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Washington, D.C. — A bill that aims to address the rate of violence involving law enforcement and people with disabilities has been introduced by U.S. Sen. Bob Casey.

report from the Ruderman Family Foundation found that 33-50% of all use-of-force instances involve people with mental health disabilities, despite statistics showing that only 19% of the population has a mental health disability.

The Data on Interactions and Accountability for Law Enforcement with Individuals with Disabilities (DIALED) Act would develop a data collection system to get an accurate representation of how people with disabilities are affected by interactions with law enforcement, including use-of-force and fatal interactions.

“The Pennsylvania families of Walter Wallace, Jr., Ricardo Muñoz, and Osaze Osagie experienced heartbreaking loss—we must do everything in our power to prevent future tragedies from taking place,” said Sen. Casey, referencing three black Pennsylvanians that were shot and killed during mental health related episodes.

Casey continued, “this legislation takes active steps to ensure we have up-to-date, accurate information on police interactions with people with disabilities so that we can find solutions and prevent unnecessary violence.”

Current data collection methods fail to collect information on disability status, despite evidence people with disabilities are more likely to be victims of crime, leading to increased interactions with law enforcement.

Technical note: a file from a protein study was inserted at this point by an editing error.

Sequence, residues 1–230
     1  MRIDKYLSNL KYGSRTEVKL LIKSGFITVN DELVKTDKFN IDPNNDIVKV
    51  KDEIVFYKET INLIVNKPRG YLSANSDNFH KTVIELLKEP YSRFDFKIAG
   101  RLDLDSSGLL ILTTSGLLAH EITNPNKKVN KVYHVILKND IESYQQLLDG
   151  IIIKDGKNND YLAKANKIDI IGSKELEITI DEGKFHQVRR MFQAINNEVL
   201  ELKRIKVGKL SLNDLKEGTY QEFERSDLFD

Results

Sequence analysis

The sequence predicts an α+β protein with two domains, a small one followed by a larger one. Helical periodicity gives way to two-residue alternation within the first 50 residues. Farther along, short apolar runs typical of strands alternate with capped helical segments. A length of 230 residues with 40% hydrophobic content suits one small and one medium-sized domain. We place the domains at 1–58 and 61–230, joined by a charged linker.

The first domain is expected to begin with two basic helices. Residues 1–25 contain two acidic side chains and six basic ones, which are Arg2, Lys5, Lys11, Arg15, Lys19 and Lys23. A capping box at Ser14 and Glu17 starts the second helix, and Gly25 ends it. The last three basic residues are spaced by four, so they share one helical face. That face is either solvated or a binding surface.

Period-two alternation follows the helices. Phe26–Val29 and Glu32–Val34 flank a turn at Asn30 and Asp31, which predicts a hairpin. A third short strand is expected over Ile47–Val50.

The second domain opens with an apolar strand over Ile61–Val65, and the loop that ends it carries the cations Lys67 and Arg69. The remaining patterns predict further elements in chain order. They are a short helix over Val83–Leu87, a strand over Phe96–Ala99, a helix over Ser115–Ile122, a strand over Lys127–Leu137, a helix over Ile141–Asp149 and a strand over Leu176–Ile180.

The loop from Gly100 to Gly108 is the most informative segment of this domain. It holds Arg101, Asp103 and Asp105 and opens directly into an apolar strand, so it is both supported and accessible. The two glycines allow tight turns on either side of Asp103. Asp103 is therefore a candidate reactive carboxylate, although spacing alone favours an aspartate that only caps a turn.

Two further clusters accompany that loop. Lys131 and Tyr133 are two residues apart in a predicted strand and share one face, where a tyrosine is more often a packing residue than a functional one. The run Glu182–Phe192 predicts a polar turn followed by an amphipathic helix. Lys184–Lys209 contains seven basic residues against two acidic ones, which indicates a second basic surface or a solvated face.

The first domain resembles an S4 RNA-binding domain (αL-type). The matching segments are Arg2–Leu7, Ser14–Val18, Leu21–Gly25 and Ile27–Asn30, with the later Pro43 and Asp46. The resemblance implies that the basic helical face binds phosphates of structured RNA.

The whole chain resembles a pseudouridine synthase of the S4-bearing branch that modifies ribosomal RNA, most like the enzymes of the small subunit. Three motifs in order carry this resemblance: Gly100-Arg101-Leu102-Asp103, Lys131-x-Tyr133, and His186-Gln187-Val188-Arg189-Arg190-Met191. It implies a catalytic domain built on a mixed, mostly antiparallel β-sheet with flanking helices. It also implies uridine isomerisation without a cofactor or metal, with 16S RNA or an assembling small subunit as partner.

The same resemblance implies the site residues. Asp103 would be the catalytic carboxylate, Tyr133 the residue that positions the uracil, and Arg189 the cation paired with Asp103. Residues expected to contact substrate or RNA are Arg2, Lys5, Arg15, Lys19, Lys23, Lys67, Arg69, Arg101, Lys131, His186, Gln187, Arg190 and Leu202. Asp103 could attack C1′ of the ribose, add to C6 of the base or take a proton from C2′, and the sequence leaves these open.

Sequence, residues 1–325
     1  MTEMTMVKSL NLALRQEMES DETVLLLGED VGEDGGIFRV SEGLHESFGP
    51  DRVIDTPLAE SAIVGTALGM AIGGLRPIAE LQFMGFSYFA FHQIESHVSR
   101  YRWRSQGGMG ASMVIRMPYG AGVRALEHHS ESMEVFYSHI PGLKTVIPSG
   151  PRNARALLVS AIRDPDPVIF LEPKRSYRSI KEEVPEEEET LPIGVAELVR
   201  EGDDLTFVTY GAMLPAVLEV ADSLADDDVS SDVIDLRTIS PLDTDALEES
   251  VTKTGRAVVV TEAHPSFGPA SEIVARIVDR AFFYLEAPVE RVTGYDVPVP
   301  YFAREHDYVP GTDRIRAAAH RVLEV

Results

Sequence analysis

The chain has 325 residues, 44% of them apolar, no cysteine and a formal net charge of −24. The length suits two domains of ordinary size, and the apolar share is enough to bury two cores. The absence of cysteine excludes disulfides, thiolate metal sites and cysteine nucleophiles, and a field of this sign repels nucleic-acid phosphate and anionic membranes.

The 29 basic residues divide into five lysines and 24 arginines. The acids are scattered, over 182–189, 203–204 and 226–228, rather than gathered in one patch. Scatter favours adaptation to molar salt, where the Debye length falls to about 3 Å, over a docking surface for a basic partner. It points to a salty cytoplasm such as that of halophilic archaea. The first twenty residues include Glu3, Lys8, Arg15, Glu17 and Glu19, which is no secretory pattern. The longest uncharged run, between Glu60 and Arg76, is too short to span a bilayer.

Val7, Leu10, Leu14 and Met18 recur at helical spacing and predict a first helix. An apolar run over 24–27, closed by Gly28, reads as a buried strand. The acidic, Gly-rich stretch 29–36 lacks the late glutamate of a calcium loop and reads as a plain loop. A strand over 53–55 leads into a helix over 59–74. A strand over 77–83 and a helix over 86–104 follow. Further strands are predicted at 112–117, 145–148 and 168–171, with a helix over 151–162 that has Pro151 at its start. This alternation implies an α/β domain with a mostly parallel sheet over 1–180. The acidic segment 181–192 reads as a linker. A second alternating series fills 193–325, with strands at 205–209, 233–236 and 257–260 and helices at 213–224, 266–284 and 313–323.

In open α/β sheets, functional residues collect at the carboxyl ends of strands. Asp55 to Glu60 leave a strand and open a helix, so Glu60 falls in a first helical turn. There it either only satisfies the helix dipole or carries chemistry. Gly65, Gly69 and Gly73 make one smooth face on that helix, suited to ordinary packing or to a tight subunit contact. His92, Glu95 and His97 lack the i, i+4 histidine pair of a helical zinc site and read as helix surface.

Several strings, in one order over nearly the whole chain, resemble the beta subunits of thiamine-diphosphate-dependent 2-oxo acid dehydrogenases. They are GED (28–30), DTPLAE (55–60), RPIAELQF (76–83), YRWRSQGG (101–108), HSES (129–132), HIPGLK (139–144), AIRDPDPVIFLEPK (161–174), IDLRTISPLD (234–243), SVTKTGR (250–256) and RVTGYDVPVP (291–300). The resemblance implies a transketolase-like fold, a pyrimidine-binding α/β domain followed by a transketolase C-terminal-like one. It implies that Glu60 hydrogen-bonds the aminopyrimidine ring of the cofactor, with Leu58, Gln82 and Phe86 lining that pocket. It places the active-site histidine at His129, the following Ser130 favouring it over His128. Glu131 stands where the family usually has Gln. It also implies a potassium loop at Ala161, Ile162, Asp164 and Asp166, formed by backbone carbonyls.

The DIALED Act amends the Death in Custody Reporting Act and the FBI Use of Force Data Collection Program to ensure that disability status is collected and reported publicly. The legislation would also create a national advisory council on disability status and law enforcement interaction data collection, tasked with developing collection and reporting methodologies and providing recommendations to the Attorney General on best practices.

The DIALED Act is the third bill in Senator Casey’s Law Enforcement Education and Accountability for People with Disabilities (LEAD) Initiative. It also includes the Safe Interactions Act and the Human-services Emergency and Logistic Program (HELP) Act.

The Safe Interactions Act would provide grants to enable non-profit disability organizations to develop training programs that support safe interactions between law enforcement officers and people with disabilities.

The HELP Act looks to enhance state and regional 2-1-1 and 9-8-8 call systems, diverting some non-criminal emergency calls away from 9-1-1 and toward human services and mental health support agencies.

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